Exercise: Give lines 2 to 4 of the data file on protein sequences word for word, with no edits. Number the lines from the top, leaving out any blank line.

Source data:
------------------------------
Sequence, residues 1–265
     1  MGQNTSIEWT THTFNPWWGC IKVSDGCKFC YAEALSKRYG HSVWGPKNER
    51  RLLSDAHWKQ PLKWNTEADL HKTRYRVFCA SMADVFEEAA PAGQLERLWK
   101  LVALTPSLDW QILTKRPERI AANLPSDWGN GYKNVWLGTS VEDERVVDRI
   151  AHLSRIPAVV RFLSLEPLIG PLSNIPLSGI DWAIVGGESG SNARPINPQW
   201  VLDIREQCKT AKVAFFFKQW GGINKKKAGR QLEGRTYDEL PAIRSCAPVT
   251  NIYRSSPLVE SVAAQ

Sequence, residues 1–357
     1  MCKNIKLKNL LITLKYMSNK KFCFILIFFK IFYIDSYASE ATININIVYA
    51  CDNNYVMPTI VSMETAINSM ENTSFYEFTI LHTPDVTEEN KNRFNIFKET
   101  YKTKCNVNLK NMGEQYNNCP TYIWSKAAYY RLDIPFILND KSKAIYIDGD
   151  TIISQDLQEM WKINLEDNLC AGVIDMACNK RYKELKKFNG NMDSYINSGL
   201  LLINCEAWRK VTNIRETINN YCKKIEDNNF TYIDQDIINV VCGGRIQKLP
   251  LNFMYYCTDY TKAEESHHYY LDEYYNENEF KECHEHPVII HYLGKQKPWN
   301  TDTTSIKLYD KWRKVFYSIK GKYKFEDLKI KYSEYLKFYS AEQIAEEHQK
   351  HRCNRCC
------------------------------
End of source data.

     1  MGQNTSIEWT THTFNPWWGC IKVSDGCKFC YAEALSKRYG HSVWGPKNER
    51  RLLSDAHWKQ PLKWNTEADL HKTRYRVFCA SMADVFEEAA PAGQLERLWK
   101  LVALTPSLDW QILTKRPERI AANLPSDWGN GYKNVWLGTS VEDERVVDRI